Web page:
I could have titled this recovery and holidays rather that alcoholism and holidays, but I believe we all need to come to terms with the word “alcoholism”and “alcoholic”. Alcoholism is perceived as a harsh word that some prefer to soften with terms like Alcohol Use Disorder (AUD). Regardless what we call it, the reality’s the same. I’m okay really with using a different term as long as it doesn’t change the way people perceive the seriousness of the disease. Yes, alcoholism, or AUD, is a serious, debilitating. progressive and deadly brain disease. Recovering alcoholics have to make adjustments, and one adjustment in early recovery is how to deal with holidays and all the attendant festivities.
It seems like a downer when a newly recovering alcoholic comes up on a holiday like Christmas and invitations to parties arrive. What to do? Go and drink a soda that looks like a mixed drink? Tell the host that you aren’t drinking? Don’t go? Make a pledge to yourself or your spouse, partner or friend who might be going with you to leave if you get uncomfortable? Each individual has to make their own choices, of course, but it’s much better to get advice from someone in long term recovery who’s dealt with alcoholism and holidays a few times, or many times.
If the recovering alcoholic is going to AA, they suggest that newcomers get a sponsor, someone who’s been in recovery for awhile and knows the pitfalls. No one has to recover alone. There are many people who can and will support you in recovery — the recovering alcoholic has to seek them out and ask for advice and support. It’s difficult for most people to admit they have such a serious problem they have to ask for help, but there’s no shame in asking for help. If you don’t know anything about real estate, you find someone who does. If you want to learn a new language, you seek out people and methods to teach that language.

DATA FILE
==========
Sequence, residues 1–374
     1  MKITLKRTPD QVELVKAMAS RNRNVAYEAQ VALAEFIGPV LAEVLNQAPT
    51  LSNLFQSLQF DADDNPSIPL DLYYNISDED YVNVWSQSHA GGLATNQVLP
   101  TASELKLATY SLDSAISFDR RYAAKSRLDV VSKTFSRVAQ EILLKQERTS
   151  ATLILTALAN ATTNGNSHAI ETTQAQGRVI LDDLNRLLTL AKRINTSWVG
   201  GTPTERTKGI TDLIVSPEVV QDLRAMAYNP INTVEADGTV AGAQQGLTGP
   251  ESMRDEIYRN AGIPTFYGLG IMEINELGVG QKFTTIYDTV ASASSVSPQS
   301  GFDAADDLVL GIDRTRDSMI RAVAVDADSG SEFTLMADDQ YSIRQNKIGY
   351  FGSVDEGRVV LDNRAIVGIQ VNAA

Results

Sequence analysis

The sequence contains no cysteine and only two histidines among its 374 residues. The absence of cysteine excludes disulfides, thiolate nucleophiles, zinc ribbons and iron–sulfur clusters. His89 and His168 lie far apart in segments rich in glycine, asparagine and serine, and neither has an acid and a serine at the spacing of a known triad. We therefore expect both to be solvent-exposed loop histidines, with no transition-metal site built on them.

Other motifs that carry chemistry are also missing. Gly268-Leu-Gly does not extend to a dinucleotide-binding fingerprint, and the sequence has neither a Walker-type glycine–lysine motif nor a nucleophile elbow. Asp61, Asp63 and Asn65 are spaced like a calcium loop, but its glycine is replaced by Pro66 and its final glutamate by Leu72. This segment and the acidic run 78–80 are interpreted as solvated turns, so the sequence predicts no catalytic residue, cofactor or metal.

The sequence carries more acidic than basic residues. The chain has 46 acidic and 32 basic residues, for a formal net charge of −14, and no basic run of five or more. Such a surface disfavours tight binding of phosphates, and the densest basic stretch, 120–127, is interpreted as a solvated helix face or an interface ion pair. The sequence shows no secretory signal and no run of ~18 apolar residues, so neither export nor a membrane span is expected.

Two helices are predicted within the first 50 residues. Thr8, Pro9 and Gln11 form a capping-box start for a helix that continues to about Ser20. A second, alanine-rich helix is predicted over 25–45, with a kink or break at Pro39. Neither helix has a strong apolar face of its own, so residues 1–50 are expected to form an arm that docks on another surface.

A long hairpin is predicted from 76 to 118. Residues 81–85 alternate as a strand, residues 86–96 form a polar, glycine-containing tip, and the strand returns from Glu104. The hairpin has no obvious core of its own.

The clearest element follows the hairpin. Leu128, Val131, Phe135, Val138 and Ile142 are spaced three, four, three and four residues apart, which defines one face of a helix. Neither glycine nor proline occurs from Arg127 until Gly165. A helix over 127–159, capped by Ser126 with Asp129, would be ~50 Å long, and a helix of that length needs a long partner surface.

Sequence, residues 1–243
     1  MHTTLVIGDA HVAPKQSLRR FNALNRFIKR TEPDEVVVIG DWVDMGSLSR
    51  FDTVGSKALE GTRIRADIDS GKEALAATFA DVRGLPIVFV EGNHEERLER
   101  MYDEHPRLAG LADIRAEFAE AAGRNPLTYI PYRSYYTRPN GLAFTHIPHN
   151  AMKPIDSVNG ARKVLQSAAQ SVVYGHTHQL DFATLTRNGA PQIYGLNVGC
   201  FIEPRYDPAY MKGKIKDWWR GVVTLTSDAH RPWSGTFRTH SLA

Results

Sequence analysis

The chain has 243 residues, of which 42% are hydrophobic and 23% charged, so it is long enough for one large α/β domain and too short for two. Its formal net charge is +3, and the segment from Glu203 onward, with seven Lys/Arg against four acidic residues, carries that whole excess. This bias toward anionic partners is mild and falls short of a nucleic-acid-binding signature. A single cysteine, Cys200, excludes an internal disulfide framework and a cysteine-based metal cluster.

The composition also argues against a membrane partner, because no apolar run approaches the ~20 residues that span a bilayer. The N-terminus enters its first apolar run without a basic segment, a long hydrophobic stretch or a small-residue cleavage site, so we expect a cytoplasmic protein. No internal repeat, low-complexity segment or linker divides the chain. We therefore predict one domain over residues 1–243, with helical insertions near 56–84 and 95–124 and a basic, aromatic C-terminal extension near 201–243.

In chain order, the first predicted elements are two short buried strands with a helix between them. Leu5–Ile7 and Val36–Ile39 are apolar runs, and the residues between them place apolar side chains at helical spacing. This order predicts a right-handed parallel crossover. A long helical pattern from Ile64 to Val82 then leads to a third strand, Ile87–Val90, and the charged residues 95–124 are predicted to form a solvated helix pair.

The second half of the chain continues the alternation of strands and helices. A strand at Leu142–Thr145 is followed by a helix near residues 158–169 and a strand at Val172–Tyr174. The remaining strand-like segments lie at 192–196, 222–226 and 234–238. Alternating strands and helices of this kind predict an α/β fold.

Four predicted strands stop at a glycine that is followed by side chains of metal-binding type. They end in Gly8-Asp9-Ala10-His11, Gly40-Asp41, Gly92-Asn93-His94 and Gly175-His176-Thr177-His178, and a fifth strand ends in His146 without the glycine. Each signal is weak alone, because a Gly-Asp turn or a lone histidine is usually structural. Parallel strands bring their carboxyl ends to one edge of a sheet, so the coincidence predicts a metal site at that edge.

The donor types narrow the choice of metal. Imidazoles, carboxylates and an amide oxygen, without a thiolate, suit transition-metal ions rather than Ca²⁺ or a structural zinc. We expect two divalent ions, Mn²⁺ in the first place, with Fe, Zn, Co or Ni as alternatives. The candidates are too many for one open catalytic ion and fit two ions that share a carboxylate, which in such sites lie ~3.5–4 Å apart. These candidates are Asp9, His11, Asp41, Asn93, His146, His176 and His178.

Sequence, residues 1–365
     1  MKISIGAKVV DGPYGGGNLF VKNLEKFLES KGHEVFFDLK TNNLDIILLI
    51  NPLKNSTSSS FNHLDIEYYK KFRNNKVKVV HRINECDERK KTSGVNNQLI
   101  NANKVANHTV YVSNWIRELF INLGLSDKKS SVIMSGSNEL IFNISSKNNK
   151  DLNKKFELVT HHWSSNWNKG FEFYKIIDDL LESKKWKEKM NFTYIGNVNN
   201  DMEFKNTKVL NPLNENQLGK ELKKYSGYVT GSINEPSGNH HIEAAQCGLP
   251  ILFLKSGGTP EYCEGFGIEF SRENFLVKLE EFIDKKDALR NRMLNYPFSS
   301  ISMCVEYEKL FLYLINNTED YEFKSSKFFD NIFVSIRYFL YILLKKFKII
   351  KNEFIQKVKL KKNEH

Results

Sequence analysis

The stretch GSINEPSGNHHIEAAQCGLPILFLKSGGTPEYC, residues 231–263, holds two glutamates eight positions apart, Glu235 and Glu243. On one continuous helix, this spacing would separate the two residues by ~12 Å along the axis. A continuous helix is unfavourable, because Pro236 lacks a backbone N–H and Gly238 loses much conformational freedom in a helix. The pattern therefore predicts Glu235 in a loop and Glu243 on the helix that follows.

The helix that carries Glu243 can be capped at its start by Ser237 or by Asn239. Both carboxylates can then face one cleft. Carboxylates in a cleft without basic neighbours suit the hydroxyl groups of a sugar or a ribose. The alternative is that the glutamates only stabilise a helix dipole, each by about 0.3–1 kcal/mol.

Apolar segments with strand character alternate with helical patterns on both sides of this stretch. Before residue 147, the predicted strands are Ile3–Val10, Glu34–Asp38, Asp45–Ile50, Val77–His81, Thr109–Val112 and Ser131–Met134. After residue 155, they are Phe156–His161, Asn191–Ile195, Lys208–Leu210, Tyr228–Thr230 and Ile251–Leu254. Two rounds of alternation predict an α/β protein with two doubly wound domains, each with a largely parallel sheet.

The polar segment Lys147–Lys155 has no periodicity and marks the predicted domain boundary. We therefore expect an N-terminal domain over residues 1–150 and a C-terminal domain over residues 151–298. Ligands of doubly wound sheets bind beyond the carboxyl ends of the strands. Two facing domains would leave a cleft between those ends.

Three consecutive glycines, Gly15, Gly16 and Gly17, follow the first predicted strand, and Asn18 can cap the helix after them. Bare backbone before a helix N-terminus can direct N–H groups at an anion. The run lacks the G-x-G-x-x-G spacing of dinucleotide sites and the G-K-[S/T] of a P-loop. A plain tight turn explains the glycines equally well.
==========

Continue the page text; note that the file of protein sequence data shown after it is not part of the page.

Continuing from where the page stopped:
Alcoholism and holidays are tricky. There’s unnecessary stress during the holiday season — it doesn’t have to be that way. If a person in early recovery chooses to avoid parties with heavy drinking, then that’s probably a good choice. There will be other holidays, and when that person is strong in recovery and the desire to drink has gone away, a recovered alcoholic can do anything others can do, except drink alcohol without consequences.